In Atticus' final speech to the jury in To Kill a Mockingbird, what does he identify as Mayella's and Tom's crimes?

2 Answers

bullgatortail's profile pic

bullgatortail | High School Teacher | (Level 1) Distinguished Educator

Posted on

According to Atticus, Mayella "committed no crime." Instead, she is guilty of:

  • Lying to the jury. Atticus questioned Mayella's and father Bob's testimony: Their damning accusations against Tom "has not only been called into serious question on cross-examination, but has been flatly contradicted by the defendant."
  • Tempting a Negro.  Mayella's loneliness led to her seeking out the only man she knew would come to her aid: the married Tom Robinson. Atticus explained that the only way she could alleviate her guilt was to "destroy the evidence of her offense... her daily reminder of what she did."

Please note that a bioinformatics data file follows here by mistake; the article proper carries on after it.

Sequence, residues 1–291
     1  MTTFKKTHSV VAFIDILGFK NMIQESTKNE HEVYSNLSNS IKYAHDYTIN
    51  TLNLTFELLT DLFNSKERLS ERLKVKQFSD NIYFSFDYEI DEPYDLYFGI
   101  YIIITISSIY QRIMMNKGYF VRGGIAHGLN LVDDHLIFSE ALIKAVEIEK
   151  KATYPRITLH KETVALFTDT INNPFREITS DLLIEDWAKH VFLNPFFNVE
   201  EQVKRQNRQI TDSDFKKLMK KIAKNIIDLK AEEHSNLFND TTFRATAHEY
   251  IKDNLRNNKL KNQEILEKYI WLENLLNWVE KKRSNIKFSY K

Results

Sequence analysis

• Being poor and ignorant.  Atticus sympathizes with Mayella's terrible situation in the Ewell home--"She is the victim of cruel poverty and ignorance--but "cannot pity her" because of "the enormity of her offense."

As for Tom, he is guilty of

  • Feeling sorry for Mayella. It was in Tom's nature to come to a person's assistance--he had helped Mayella before--but a black male feeling sympathy for a white woman was not acceptable in the eyes of Maycomb's white population.
  • Being a black man.  Tom's skin color was at the root of the problem, since Atticus knew no jury would accept the word of a black man over the word of a white man.
Sources:
handbooktoliterature's profile pic

handbooktoliterature | High School Teacher | (Level 3) Adjunct Educator

Posted on

Mayella's crime is said to be going against the societial norm of being a white woman who is attracted to and then tempts a black man, Tom, even though she knew what the consequences would likely be.

Tom's crime was simply to feel sorry for Mayella and show her some compassion.